The Secretary notes that “OSHA is aware of no instance in which exposure to a toxic
substance has more clearly demonstrated detrimental health effects on humans than has asbestos
She further notes that exposure to asbestos can result in diseases such as asbestosis,
mesothelioma, lung cancer and gastrointestinal cancer, all of which create a substantial probability
of death or serious harm.
The Secretary contends that Bayway’s violation of the standards set out
above were properly classified as serious, in that each caused employees to be exposed to an
asbestos hazard. She asserts that Bayway’s mock testing after the fact, which showed airborne
concentrations of asbestos below the permissible exposure limit (“PEL”),
is legally irrelevant
and contrary to the remedial purpose of the standard. She also asserts that the employer’s
obligation to implement the safeguards in the standard is triggered by the class of asbestos work
performed, not by exceeding the PEL. S. Brief, pp. 52-54. In this regard, she points to the
standard’s preamble, which states as follows:
The 0.1 f/cc level leaves a remaining significant risk. However as discussed
below, and in earlier documents, OSHA believes this is the practical lower limit of
feasibility for measuring asbestos levels reliably. However the work practices and
engineering controls specified below for specific operations and required respirator
use will in OSHA’s view further reduce the risk....A significant risk remains at
the PEL of 0.1 f/cc, and it is feasible to attain lower levels for some workers
exposed to asbestos. OSHA has therefore considered whether to establish different
PELs for different operations based on the lowest exposure limits than can feasibly
be achieved in those operations and that are needed to eliminate significant risk.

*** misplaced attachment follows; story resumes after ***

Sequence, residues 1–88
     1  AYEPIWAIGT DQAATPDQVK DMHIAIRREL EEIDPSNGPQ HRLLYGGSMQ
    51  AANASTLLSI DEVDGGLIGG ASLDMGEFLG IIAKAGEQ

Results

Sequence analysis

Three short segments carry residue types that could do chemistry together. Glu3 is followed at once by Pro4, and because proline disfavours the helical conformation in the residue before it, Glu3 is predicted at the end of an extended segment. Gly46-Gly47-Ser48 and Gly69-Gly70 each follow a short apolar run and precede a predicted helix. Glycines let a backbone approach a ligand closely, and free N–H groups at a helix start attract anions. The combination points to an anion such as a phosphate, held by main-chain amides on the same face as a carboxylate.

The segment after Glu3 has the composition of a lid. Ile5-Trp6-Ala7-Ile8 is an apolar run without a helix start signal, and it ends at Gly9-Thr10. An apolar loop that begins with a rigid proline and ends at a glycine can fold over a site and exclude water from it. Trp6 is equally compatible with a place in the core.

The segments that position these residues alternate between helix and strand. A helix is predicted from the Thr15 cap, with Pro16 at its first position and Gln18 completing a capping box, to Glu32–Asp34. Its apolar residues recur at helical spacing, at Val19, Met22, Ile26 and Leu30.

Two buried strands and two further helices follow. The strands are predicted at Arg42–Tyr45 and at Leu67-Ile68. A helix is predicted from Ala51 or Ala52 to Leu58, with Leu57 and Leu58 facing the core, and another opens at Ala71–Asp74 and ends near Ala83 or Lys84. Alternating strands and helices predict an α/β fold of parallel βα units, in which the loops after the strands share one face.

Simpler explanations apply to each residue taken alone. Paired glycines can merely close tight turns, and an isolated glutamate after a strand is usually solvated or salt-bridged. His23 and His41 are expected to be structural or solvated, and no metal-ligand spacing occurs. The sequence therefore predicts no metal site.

OSHA has decided not to do so because the operation-specific work practices
mandated in the standard will be a most cost-effective means of assuring that
significant risk is eliminated to the extent feasible....PELs lower than 0.1 f/cc
would be particularly unsuitable as compliance criteria because it is difficult
to reliably measure lower levels. Because such measurements are unreliable, if
lower PELs were established, measurements taken by employers and by OSHA
would provide an uncertain basis for determining whether employers have fulfilled
their compliance duties....Therefore, rather than set operation-specific permissible
exposure limits, OSHA proposed to further reduce risk by requiring certain work
practices. The operations for which mandatory work practices are required
would otherwise result in employee exposure that is significant. OSHA
believes that these controls are feasible, reasonable, and necessary.
59 Fed. Reg. 40964, 40967-69 (1994) (emphasis added). The Secretary concludes that, in light of
the above, the PEL set out in the standard does not represent a benchmark of safety, but of
measurement. In other words, the 0.1 f/cc PEL is a level of exposure that can be measured
reliably; it is not a level at which exposure is safe. S. Brief pp. 54-55.
The Secretary cites to a number of cases in support of her position, three of which I find
dispositive. In Tierdael Constr. v. OSHRC, discussed above, the court noted that “compliance
with the OSHA Asbestos Standard for Class II asbestos work does not rest upon whether there
was hazardous exposure, i.e., exposure which exceeded the PEL, but on whether Class II activity
occurs.” 340 F.3d 1110, 1115 n.2. (10th Cir. 2003).
In Dec-Tam Corp., also discussed above, the
Commission upheld a citation for failure to monitor the level of asbestos to which employees
were exposed as “serious,” even though the employees wore respirators that protected them from
overexposure. 15 BNA OSHC 2072, 2083 (No. 88-523, 1993). In so doing, the Commission noted
that the proper inquiry was whether “Dec-Tam’s failure to conduct full-shift monitoring could
lead to death or serious physical harm.” Id. at 2083 n.14. The Commission also noted that the
monitoring requirement was designed to inform the employer whether work practice controls were
effective and whether “respiratory protection is required at all, and if so, which respirator is to be
selected.” Id. at 2082-83, quoting 51 Fed. Reg. at 22683. The Commission then concluded that, by
not conducting full-shift monitoring, “Dec-Tam was unable to meet [its] obligations. The failure
to obtain information so critical to the health of its employees can only be described as serious.”
Id. at 2083.
The Secretary also cites to Secretary of Labor v. Trinity Indus., 504 F.3d 397 (3d Cir.